The third symptom is rigidity affecting the skeletal muscles and contributing to postural changes and difficulty in movement. Postural changes affect coordination and balance. The face becomes blank or masklike in appearance with little or no expression. Speech becomes low in tone, monotonous sounding, and slow; enunciation becomes difficult due to the decreased dopamine and the excitatory response from the increased acetylcholine. Drooling may occur. The patient may experience decreased tearing, constipation, incontinence, excessive perspiration, heat intolerance, and decreased sexual ability. PD does not usually affect intellect; however, a percentage of patients do develop a dementia similar to that of Alzheimer’s disease. Mood disturbance does occur, and depression is a problem. Stress tends to make symptoms worse.


The characteristic symptoms of the disease are used to diagnose the disorder. Laboratory tests usually reveal findings within normal ranges. However, magnetic resonance imaging (MRI) scans of the brain may be performed to rule out other neurologic disorders. Single-photon emission computed tomography (SPECT) can display the reduced uptake of dopamine (Figure 25-3).


Treatment of PD usually includes drug therapy, physical therapy, and considerable emotional support. Drug therapy aims to provide dopamine to the basal ganglia and thus reduce symptoms. Anticholinergics, dopamine agonists, and monoamine oxidase inhibitor (MAOI) drugs are used to control symptoms. MAOIs block the metabolism of dopamine, leaving more dopamine in circulation.

In the early stages of the disease when disability is not evident, selegiline (Eldepryl), a drug that increases dopamine’s action, may be given. When disability is present, L-dioxyphenylalanine (L-dopa, or levodopa) or a combination of levodopa and carbidopa (Sinemet) is given. Sinemet is given in increasing doses until control of the symptoms is achieved; however, side effects can be troublesome (Box 25-1) Various drugs are used either alone or in combination with L-dopa (Table 25-1).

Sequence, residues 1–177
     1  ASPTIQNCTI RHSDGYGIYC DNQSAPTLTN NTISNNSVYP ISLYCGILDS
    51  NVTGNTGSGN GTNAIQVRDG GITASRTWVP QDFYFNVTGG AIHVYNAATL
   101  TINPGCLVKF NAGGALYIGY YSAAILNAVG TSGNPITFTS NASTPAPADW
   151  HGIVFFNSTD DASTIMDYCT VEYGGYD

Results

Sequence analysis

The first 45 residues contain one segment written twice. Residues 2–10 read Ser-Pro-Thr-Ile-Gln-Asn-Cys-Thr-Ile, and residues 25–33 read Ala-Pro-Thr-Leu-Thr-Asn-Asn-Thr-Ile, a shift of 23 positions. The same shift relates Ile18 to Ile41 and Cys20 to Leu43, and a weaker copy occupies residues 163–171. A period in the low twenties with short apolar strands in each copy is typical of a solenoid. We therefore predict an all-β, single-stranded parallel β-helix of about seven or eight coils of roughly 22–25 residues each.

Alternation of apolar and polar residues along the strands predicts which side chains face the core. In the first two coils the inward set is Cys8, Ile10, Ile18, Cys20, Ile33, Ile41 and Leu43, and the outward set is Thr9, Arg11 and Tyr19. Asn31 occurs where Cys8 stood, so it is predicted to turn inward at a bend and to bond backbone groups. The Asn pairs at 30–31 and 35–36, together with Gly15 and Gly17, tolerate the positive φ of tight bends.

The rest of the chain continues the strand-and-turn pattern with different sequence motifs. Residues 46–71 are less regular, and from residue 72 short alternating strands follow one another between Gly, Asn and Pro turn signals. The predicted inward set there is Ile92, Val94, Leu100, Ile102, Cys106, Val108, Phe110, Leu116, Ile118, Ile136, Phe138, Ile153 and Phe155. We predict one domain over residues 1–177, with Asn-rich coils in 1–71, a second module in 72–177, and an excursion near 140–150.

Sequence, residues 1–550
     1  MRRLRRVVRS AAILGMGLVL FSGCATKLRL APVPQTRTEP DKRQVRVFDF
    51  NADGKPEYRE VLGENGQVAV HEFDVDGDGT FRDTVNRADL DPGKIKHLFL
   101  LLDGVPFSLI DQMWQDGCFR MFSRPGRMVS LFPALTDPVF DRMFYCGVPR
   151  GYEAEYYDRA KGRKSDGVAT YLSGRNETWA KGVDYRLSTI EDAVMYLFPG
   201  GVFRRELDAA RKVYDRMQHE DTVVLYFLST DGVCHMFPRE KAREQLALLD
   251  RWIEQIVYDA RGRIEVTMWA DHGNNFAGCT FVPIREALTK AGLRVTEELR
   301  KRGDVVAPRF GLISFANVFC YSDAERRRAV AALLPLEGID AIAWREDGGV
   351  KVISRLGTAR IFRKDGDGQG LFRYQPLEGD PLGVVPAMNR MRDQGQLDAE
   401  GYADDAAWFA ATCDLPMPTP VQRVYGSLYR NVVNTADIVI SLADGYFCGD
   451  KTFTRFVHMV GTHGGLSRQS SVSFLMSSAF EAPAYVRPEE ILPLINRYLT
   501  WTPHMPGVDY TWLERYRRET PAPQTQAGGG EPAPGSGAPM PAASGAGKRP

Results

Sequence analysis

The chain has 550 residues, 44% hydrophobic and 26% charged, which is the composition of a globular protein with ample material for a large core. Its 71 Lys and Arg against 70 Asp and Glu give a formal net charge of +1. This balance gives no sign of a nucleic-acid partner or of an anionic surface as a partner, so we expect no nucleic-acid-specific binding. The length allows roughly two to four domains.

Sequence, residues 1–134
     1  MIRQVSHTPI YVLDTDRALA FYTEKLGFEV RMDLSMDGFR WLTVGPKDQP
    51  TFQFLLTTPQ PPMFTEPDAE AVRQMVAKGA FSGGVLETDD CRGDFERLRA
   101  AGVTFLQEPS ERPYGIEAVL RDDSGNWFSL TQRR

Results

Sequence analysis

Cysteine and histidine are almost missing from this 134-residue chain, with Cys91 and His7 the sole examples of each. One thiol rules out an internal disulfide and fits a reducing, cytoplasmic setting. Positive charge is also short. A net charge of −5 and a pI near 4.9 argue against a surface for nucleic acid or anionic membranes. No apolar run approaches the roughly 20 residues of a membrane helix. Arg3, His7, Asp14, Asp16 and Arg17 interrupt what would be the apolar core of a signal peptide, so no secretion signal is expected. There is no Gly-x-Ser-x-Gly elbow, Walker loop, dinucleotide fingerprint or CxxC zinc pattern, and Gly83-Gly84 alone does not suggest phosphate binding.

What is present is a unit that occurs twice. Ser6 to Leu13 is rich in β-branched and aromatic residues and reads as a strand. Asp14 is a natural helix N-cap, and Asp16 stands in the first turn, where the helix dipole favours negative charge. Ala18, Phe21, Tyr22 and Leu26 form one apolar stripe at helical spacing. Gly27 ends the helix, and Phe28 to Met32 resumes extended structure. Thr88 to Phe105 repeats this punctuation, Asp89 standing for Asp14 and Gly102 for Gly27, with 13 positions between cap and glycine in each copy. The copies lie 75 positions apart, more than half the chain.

Box 25-1

Nursing Implications for Drugs Commonly Used for Parkinson’s Disease

When Giving a Drug for Parkinson’s Disease

• Pay close attention to dosage amount as therapy is individualized to each patient.

• Check other medications patient is receiving to see if there may be interactions with the antiparkinsonian drug, contraindicating administration of the drug.

• Administer the drugs as close to the time ordered as possible to maintain a consistent blood level of each drug.

• Carbidopa-levodopa may cause many neurologic disturbances, including psychiatric problems; discuss any onset of new symptoms that occur with the physician.

• Administer anticholinergic medications with meals to decrease gastrointestinal irritation.

• Selegiline may increase the side effects of carbidopa-levodopa. If this occurs, seek an order to decrease the dosage.

• Monitor for effectiveness of each drug by observing for a decrease in Parkinson’s symptoms, such as tremor, rigidity, or drooling; assess for decrease in side effects of carbidopa-levodopa when anticholinergic drugs are given for that purpose.

• Continually assess the patient for worsening of symptoms that may be due to disease progression, side effects of medication, or failure of medication.

Regarding Possible Side/Adverse Effects of the Drug

• Monitor patients taking carbidopa-levodopa, amantadine, bromocriptine, or pergolide for orthostatic hypotension and urinary retention.

• Assess patients who are taking carbidopa-levodopa for excessive or inappropriate sexual behavior.

• Bromocriptine may cause changes in mental status; report observed changes.

• Amantadine and pergolide may cause insomnia and should not be administered at bedtime.

• Many of these drugs can cause nausea, dyspepsia, and abdominal pain.